BOSTON (CBS) – You know you need a break, but you’re afraid to take time off from work. In today’s economy, that’s the way many workers feel.
Vacation deprivation can be bad for you, and for your company.
Despite some improvements in the job market, American workers remain nervous about being away from the office for too long, fearing they won’t be seen as essential.
A recent survey found the average full time worker didn’t use 6.2 vacation days last year.
WBZ-TV’s Paula Ebben reports
Elaine Varelas of Keystone Partners in Boston said, “You can’t have a long term productive employee who is always on urgent, and those are where the health care issues come in. The adrenaline level has a very short duration and people do crash.”
A good worker is a fresh worker, according to Varelas. “You also need to have different life experiences and those are the things that give you new insights, new thoughts about how it might work within your world of work. So having that time away from your environment really can refresh your thinking.”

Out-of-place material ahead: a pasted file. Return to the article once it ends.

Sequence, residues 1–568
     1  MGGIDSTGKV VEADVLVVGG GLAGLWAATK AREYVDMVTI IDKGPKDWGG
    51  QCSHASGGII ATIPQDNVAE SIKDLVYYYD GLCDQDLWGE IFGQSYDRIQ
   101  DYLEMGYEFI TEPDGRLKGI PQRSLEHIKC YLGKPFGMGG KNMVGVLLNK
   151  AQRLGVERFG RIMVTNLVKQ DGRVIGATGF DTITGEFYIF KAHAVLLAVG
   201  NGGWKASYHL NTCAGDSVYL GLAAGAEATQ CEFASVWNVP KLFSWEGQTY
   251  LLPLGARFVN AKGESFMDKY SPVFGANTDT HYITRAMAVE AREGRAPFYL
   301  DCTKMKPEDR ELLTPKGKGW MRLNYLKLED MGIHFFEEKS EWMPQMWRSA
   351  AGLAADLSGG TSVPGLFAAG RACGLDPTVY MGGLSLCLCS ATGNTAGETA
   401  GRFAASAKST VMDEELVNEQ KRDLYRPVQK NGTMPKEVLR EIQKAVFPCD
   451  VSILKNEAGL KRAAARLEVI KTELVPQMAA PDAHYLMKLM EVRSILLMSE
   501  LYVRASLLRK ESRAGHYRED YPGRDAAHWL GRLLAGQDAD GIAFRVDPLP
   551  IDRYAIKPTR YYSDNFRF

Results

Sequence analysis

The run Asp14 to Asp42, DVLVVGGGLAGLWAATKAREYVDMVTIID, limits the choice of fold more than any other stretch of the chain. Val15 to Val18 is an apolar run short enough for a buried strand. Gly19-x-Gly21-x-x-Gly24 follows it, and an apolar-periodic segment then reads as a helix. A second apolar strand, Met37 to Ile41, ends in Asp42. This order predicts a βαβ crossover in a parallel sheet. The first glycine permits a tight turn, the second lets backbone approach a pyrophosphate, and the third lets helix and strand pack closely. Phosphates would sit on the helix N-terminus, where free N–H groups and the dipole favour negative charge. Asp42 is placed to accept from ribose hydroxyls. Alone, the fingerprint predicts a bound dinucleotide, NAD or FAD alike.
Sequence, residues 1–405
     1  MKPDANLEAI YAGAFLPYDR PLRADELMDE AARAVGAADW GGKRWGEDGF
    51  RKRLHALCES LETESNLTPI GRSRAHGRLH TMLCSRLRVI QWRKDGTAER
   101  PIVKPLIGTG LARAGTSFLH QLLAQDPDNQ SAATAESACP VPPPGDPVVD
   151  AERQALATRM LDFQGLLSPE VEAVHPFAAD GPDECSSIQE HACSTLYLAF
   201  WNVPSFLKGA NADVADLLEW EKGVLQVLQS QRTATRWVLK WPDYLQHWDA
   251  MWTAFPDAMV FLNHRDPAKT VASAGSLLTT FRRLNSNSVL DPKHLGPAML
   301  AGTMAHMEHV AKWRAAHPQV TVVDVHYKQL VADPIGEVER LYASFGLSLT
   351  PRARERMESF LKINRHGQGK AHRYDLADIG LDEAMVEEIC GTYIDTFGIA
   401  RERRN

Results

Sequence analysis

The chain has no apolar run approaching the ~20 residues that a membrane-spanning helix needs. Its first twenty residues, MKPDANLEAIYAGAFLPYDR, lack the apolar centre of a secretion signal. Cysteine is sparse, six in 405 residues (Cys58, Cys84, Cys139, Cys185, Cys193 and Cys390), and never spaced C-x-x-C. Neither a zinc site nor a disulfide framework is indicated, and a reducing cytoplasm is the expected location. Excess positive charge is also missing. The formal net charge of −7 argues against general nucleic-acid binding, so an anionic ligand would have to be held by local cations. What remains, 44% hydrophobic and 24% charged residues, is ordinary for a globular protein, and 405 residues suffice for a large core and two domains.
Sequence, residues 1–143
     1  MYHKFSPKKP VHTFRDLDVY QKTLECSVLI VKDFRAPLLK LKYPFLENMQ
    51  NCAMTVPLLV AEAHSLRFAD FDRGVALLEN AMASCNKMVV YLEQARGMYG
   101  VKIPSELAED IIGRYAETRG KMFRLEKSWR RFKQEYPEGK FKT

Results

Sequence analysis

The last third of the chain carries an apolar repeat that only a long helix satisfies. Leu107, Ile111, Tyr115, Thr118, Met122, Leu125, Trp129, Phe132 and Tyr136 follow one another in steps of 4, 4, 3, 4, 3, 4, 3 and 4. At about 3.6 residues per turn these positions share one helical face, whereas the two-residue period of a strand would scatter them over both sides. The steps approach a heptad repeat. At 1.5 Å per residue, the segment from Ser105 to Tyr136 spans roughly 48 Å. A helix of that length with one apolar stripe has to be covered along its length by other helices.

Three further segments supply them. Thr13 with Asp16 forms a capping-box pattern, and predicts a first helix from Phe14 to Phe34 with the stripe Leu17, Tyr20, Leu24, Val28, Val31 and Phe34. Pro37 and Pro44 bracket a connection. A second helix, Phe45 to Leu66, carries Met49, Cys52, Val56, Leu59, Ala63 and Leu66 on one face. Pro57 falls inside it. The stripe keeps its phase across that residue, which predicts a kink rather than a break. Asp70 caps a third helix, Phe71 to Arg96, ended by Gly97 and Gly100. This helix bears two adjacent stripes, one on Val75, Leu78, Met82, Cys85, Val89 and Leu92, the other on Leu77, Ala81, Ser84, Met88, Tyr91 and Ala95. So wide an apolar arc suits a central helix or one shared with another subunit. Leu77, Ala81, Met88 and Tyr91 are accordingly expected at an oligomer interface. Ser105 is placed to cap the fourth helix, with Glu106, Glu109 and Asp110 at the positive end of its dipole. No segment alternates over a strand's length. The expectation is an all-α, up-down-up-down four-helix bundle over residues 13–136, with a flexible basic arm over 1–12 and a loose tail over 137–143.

Ryan Goldberg, a dental sales representative, agrees. “Every time I come back from vacation, I always feel rejuvenated and feel that its mentally beneficial to me,” he explained.
When we finally take a vacation, it’s usually our mental health which provides the motivation. Not taking a break can also impact our physical health as well.
“The newest science is saying that high levels of stress are pro inflammatory,” said Dr. Rick Donahue of Personal Health MD in the Back Bay. “It creates inflammation in the body. People with psoriasis, it’s inflammation of the skin. When people are stressed, their asthma gets worse.”
Taking time off from work without any backlash requires planning. In general, Varelas advises workers give their employers at least three months’ notice.
“Then build a calendar back to that vacation time so you can prep your colleagues, make sure that your work is as up to date as possible, and alert whoever will be covering for you about specific issues that may come up,” she added.
Another option is to offer to check in periodically.
Stressed out workers are expensive for companies over the long haul. One study found health care spending on frazzled workers is 2.5 times what it is for non-stressed workers.